Bruce McEwen coined the word "allostasis" to explain an overarching framework for human response to stress, and it was meant to ally itself directly with the notion of homeostasis. "Allo" from the Greek word "allos," or "other," means "different"; "stasis" means "a condition of balance between different forces." Allostasis, according to McEwen, is achieved by a normally well-regulated interlocking system of communications among the brain, the endocrine system, and the immune system. These systems help keep the body stable ("safe") during times of trauma by being able to adjust themselves on command.

In times of fight or flight, a creature needs to greatly increase the flow of oxygen to its muscles (for us that means our legs). When the threat is over, the body returns to homeostasis. It can do so because of its extraordinary ability to adapt to rapidly changing circumstances. The ability to do that in a healthy, regulated way is known as allostasis.

This simple notion predicts several things. First, stress, left alone, is neither harmful nor toxic. Whether the stress becomes damaging is the result of a complex interaction between the outside world and our physiological capacity to manage it. The body's reaction to stress is partly a matter of what stress it encounters, partly the duration of the stress, and partly the somatic substrates (many of which are genetic) that the person brings to the experience. McEwen has even given a name to the point at which stress becomes toxic--the "allostatic load." You could call the allostatic load a "system breach." PTSD also can be thought of as a system breach. Because people will have different allostatic load thresholds, their response to the stressors they encounter will also be different.

This idea gives researchers a useful framework with which to begin understanding not only the commonalities of human response to severe stress but also its maddening variability. Great strides have been made for many years on the subject, including physiological ones. There also have been a few dead ends as will be described next.

A nice story gone wrong

A number of years ago, a really terrific story regarding the effects of catecholamine on brain function appeared to be developing. It all had to do with the evolutionary view of human response to stress.

Evidence had been accumulating for decades that the human stress response was built to respond maximally to acute stress exposure only. The evolutionary argument was couched like this: either the saber-toothed tiger ate you or you ran away from him, but the issue was settled in less than 5 minutes. The various allostatic mechanisms of the body were not built to deal with severe stressors lasting a long time. If the body was consistently exposed to elevated levels of catecholamine, deregulation of the system might occur. It might be possible to render the normally flexible allostatic switches stuck into the "on" position, abolishing not only their primary function but also their normal regulation.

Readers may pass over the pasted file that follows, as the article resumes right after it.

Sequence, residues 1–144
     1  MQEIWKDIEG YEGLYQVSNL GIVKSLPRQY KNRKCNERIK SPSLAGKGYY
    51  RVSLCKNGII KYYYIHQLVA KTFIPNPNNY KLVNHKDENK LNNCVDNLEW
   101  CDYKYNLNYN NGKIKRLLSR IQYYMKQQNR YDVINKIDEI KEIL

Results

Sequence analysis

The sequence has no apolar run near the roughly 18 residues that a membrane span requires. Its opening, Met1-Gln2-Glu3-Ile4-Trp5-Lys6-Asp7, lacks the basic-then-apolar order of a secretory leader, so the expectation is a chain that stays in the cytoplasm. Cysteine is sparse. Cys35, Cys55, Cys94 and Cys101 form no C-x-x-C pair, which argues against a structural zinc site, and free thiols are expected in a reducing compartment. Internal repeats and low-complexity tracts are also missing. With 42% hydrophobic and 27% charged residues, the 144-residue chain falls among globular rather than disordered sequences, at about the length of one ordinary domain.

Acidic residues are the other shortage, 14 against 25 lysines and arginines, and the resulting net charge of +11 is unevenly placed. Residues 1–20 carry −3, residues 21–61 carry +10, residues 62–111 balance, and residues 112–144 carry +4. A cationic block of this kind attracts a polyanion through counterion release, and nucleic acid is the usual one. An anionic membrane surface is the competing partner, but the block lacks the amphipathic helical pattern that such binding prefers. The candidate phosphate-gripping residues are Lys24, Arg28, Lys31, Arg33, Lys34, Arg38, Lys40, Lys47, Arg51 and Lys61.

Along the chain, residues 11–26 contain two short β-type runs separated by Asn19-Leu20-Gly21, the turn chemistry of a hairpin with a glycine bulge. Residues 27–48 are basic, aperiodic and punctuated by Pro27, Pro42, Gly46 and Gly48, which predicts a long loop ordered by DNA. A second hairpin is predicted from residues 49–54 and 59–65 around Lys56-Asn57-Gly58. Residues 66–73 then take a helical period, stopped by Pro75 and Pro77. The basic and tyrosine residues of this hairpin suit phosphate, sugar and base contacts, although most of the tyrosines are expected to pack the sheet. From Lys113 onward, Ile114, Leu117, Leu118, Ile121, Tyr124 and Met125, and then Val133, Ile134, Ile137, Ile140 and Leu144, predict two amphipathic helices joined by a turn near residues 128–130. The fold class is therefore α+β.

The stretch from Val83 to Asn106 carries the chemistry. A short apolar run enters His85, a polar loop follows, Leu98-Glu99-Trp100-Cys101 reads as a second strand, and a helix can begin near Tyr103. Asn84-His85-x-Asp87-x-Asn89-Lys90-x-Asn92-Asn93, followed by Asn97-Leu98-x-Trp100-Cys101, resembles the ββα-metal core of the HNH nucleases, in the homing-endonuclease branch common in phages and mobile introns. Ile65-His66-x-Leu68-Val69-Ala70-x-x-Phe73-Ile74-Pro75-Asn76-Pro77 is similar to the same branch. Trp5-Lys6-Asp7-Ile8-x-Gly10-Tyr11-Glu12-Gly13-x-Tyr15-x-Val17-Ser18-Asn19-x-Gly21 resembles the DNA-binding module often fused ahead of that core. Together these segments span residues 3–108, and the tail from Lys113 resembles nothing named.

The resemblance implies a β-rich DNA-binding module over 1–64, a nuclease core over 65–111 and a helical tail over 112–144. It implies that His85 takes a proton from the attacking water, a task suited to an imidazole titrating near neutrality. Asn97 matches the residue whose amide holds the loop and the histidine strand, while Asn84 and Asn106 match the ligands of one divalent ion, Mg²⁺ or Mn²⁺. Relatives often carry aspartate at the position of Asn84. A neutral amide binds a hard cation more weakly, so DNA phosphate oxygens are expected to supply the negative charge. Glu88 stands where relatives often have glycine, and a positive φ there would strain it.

Unfortunately, complex human culture can produce stressors that last a long time: bad marriages, bad bosses, combat, and so on. The accompanying overload of catecholamines was found to damage a wide variety of systems, including regions in the brain. Populations of cells within the hippocampus were shown to alter their electrical relationships, change the density of their dendritic connections, or simply die. This meant that prolonged elevation of certain stress hormones could literally cause brain damage. It was found that moderate levels of cortisol bound to high-affinity mineralocorticoid receptors in the hippocampus, which could transiently increase hippocampal function. (This was used to explain the finding that moderate amounts of stress could improve cognition--especially memory.) But large, prolonged exposure of cortisol not only bound mineralocorticoid receptors but also glucocorticoid receptors. When that occurred, cell damage soon followed. Hippocampal function was greatly reduced (Figure).

Is that what occurs in PTSD? Do chronic levels of stress hormones damage areas of the brain in such fashion that behavior is altered? Some researchers certainly thought so. It seemed like an elegant, if tragic explanation of an otherwise complex behavior.

There was only one problem to this very nice story. It was wrong, or at least it was not the whole picture. When scientists began measuring levels of stress hormone immediately following traumatic events (a motor vehicle accident, to cite one case), they found a really odd thing: cortisol levels actually went down in many patients. Even in these noncombat populations, this plummeting effect was actually a risk factor for PTSD. PTSD was much more likely to develop later in patients in these cohorts who had lowered amounts within 3 hours of the event than in those who had not.

A similar phenomenon was observed in military populations with PTSD. Their catecholamine levels were also reduced when compared with nonaffected controls (even when taking into account release patterns over the diurnal cycle). This was odd, despite evidence that the release of hypothalamic corticotropin-releasing factor (CRF) levels were actually elevated in these same populations. CRF stimulates the secretion of adrenocorticotropin from the pituitary gland. This important signal mediates the overall release of catecholamine from the adrenals. The story got more confusing as the research matured. Other studies showed that combat veterans with chronic PTSD had elevated peripheral catecholamine levels.

If all this sounds a bit contradictory, then I am communicating successfully. Clearly, it was not what the researchers were expecting.

Conclusions

What does all this mean? I use this catecholamine story to underscore the difficulty in attempting to describe complex behaviors such as those in PTSD at the cellular and molecular levels. There are actually some reasons this catecholamine story may make sense, a topic I will take up in a future issue, in Part 2. But for now, it serves as a powerful reminder: when you dramatically perturb a normally smooth running but indescribably complex interlocking system of allostatic switches, the observations may not be quickly explained, or even intuitively understood. In discussing the biology of something as complex as PTSD, which is what this series is about, that may be the most important introductory lesson of all.